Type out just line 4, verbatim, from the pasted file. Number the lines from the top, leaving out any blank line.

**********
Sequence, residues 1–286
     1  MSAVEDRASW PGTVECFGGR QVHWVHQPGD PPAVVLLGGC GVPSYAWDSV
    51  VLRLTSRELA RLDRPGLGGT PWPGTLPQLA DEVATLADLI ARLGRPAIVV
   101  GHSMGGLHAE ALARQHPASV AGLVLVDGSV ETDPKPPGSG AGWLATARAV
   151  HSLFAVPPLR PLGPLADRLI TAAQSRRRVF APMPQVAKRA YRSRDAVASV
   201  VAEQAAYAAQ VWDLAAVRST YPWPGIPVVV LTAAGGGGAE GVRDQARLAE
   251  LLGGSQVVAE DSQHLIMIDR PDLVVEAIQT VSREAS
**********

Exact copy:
   101  GHSMGGLHAE ALARQHPASV AGLVLVDGSV ETDPKPPGSG AGWLATARAV